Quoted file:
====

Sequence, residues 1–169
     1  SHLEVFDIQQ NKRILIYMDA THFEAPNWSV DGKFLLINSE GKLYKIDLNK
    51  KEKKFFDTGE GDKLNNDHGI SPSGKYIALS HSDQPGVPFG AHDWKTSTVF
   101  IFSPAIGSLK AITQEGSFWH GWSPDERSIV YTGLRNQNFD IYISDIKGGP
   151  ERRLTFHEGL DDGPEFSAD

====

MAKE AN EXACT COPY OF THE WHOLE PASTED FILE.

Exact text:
Sequence, residues 1–169
     1  SHLEVFDIQQ NKRILIYMDA THFEAPNWSV DGKFLLINSE GKLYKIDLNK
    51  KEKKFFDTGE GDKLNNDHGI SPSGKYIALS HSDQPGVPFG AHDWKTSTVF
   101  IFSPAIGSLK AITQEGSFWH GWSPDERSIV YTGLRNQNFD IYISDIKGGP
   151  ERRLTFHEGL DDGPEFSAD